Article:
You may hear some crap article on the internet telling you that intelligent people are disorganized and work best that way. I’ll tell you I am disorganized and my friends accuse me of being easily distracted while I’m getting a project done. That’s entirely true; the way I get things done is not going from point A to point B. It’s often going to point A, then a long detour, back to point A, finding an entirely new point, like Q, skipping over to point Z, then jumping back to point B. That’s fine; a mess when you’re in the midst of work is no problem in regards to productivity. But when the task is done, you need to organize your things. If you and I are competing on getting a task done, and my area is organized and I know where everything is, I’m going to get things done way faster than you.
  • Don’t sleep in all day (or at least keep a regular sleep schedule)
    I bet you slept in when we took the ‘rona precautions and stayed home, didn’t you? When did it start feeling like groundhog day and you started feeling like crap, and like you weren’t getting anything done? My schedule didn’t change much during the US portion of coronavirus precautions. I was still getting up at 5 in the morning to teach classes to my ESL students, as I have been for the past 2 years. And, I felt great. (Well, as great as you can feel when you’re waking up at 5 in the morning 5 days a week.) I’m not saying you should get up at 5 am, but you need to keep your sleep schedule regulated and not be tempted to take naps all the time if you actually want to be productive while working from home. Get up at a decent hour, get a to-do list going, then relax after you’ve completed the tasks.
  • Exercise
    Do some form of exercise – preferably one that gets you out of the house so that you can focus on it, and give yourself a little bit of a treat, so to say, leaving the home – if you feel comfortable or healthy enough to do so. I only started exercising because I wanted to maintain my weight but also keep eating like the Gilmore Girl that I am, but now I’m excited for an excuse to get out of the house to go to the gym to go for a run, get on the elliptical or lift some weights. Start small – I was pretty terrible at exercise right off the bat, and always stay within the limits of what your body sets for you, but if you’re anything like me, you’ll be refreshed and be taking good care of yourself after using an excuse to get out of the house. Or, even get creative, maybe just walking your dog will be enough to put a little pep in your step.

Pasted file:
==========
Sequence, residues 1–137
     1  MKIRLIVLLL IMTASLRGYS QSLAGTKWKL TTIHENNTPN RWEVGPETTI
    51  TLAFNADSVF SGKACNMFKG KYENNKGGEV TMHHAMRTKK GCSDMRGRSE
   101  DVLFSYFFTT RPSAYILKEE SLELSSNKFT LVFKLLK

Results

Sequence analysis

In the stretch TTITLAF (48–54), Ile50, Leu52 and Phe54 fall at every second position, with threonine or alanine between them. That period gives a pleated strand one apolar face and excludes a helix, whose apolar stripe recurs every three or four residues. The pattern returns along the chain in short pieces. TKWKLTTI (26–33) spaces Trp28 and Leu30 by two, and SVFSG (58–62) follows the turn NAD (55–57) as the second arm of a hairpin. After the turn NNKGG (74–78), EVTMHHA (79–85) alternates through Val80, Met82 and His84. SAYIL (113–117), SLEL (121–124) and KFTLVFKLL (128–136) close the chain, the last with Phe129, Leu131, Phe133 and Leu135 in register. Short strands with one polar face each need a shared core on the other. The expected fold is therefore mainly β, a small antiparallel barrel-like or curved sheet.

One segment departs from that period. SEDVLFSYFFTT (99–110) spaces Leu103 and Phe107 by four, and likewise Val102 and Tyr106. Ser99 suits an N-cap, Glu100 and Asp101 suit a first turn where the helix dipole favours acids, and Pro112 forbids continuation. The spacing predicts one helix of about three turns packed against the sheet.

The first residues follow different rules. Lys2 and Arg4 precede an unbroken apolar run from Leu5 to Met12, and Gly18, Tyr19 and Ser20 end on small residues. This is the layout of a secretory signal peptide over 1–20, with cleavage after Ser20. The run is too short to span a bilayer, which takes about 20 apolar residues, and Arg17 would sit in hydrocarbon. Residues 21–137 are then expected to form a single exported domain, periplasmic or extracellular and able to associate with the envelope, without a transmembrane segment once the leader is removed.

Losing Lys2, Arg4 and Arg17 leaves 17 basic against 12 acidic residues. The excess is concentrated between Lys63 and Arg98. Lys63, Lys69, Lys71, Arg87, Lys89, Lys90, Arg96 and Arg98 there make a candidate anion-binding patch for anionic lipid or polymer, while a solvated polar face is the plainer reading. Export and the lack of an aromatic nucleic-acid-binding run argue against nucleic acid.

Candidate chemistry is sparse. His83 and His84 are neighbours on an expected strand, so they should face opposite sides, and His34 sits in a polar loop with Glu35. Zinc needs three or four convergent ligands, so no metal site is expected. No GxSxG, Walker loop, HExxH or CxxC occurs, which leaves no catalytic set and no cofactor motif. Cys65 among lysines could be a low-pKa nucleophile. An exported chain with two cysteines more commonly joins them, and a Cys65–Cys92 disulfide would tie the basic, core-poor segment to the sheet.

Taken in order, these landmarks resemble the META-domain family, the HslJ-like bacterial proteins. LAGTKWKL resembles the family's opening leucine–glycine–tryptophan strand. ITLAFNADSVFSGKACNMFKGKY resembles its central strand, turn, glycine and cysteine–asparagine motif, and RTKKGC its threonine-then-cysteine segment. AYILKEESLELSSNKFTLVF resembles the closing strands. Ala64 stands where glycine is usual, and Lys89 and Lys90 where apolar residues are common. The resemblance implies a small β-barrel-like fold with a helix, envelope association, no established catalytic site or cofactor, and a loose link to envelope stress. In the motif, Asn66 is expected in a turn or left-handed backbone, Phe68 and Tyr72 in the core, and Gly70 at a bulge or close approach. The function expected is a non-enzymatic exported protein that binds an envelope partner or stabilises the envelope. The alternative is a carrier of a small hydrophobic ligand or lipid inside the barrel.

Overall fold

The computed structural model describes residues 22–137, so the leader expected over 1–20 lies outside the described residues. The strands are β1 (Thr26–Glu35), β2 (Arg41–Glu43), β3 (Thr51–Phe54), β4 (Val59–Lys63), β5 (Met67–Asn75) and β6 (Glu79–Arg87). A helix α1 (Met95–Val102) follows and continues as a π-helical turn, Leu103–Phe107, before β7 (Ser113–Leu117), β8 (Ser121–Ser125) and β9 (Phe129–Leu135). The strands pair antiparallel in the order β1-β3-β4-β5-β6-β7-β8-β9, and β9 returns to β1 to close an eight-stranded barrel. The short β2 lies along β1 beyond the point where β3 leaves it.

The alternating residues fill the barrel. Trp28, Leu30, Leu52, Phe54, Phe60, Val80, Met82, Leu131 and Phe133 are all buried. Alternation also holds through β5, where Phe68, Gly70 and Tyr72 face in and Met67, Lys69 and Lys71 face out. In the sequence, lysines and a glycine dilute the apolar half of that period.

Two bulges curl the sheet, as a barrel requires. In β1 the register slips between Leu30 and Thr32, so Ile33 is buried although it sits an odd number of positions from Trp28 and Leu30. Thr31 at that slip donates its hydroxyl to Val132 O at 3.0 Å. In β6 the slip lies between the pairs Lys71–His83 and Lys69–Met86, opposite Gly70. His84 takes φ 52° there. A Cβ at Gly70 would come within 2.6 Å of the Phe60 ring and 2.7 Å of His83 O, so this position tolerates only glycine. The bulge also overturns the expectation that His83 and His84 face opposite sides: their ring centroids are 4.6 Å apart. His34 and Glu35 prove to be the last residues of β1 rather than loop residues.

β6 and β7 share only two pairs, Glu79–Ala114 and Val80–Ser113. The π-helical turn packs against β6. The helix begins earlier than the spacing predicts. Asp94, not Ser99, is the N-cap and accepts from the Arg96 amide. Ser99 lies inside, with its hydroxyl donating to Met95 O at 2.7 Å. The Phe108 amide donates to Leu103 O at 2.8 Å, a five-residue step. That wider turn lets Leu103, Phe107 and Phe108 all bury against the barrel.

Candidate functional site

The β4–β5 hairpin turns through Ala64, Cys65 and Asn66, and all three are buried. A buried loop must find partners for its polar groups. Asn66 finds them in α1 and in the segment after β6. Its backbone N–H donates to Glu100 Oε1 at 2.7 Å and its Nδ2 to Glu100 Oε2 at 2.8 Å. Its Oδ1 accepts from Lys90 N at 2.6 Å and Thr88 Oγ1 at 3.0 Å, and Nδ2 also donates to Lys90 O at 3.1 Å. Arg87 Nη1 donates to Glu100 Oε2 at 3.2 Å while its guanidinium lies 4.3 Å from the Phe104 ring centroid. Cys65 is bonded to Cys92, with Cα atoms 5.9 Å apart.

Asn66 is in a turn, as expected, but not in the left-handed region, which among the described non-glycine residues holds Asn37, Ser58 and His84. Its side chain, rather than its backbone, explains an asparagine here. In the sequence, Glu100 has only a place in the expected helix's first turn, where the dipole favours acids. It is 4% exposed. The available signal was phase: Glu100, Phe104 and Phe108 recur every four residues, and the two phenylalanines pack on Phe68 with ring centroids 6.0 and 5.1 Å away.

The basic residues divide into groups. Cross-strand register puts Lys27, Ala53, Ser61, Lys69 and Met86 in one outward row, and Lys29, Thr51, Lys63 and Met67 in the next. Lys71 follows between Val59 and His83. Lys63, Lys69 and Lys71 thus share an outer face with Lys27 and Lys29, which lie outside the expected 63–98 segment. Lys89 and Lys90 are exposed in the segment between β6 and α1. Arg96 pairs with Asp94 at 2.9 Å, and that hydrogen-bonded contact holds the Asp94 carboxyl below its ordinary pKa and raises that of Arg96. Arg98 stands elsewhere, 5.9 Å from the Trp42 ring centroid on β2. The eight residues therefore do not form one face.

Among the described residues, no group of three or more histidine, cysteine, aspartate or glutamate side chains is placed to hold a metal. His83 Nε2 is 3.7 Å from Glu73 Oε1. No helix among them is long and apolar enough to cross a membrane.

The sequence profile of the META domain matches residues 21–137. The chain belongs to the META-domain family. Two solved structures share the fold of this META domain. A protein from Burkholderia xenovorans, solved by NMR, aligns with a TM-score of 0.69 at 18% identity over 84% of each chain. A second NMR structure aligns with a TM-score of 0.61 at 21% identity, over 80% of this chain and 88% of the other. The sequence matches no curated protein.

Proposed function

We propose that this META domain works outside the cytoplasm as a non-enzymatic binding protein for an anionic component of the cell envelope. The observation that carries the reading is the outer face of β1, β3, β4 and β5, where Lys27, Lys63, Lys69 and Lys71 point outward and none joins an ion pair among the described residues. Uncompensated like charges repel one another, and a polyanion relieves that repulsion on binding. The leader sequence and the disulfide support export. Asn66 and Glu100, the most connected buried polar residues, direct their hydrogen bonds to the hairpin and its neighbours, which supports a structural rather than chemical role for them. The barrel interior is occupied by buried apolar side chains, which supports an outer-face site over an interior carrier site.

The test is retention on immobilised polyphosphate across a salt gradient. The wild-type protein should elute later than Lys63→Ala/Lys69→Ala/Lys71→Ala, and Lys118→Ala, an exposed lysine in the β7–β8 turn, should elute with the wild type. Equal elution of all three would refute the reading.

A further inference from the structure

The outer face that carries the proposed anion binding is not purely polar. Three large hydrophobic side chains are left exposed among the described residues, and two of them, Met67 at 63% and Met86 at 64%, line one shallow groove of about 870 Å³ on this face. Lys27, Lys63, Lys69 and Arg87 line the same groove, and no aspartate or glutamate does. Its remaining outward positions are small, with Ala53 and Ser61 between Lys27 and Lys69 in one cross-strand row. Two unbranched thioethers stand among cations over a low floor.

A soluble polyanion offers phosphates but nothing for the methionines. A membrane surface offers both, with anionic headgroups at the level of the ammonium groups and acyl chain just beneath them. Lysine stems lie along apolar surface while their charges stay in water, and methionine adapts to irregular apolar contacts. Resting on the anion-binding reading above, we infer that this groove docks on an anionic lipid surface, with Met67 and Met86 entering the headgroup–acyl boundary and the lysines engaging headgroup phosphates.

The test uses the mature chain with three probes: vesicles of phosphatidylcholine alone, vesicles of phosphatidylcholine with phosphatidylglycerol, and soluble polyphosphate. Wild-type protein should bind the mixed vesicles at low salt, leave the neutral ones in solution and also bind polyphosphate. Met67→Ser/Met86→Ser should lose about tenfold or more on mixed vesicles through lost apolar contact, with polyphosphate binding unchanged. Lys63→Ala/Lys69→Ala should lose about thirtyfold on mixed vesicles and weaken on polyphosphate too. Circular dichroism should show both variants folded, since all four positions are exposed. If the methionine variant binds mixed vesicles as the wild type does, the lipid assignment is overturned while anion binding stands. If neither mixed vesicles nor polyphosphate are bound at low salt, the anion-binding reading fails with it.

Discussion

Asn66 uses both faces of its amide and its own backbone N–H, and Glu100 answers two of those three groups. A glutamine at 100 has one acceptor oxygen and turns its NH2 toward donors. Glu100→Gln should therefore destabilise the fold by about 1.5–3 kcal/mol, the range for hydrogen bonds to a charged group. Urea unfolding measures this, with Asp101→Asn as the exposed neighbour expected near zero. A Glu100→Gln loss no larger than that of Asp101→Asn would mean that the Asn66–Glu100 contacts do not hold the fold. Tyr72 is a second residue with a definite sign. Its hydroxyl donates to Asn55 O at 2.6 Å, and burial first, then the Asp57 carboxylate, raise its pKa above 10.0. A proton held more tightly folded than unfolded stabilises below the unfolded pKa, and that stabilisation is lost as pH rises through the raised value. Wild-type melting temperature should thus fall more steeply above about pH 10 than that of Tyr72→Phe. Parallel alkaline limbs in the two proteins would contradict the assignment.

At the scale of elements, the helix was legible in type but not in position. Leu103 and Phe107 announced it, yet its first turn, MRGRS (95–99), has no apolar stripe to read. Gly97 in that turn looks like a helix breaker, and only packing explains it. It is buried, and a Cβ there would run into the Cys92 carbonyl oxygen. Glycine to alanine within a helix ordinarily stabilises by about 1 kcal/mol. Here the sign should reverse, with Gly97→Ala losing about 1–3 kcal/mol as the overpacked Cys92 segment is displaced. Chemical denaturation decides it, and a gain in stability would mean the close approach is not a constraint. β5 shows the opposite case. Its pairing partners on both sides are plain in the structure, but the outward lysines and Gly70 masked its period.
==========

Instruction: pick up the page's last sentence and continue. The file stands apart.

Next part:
• Put your phone down (and make use of your screen time app)
    Nothing sucks away me being creative like spending unstructured time on social media. Once I started seeing the screen time information on my iPhone, I started realizing how much unstructured time on social media was taking away from my productivity at home. I don’t think there’s anything wrong with spending a half hour or two on Facebook or Instagram after you’ve got your important work done. This includes messaging. I’m super sociable and I love to talk to my friends, but I notice I spend most of my time messaging them and not getting my important work done.
  • Make time for face to face socializing and meet new people (whatever way is safe for you)
    For years, I’ve made sure to get out of the house to see people outside of my inner circle to give myself some stimulation. When you work in an office, or a restaurant, or some other place, you have to be around people you wouldn’t normally choose to be around. And we need that to continue to grow and evolve. We need to see new faces and new people. Don’t just get on Zoom or Facetime and talk to somebody you already know. You have to get out of the house, or in some way while you’re at home, make a way to talk to a new person. Join a new group on Facebook or Instagram and get to know new people. I think that’s something people really lost during the pandemic and that we’ve taken for granted.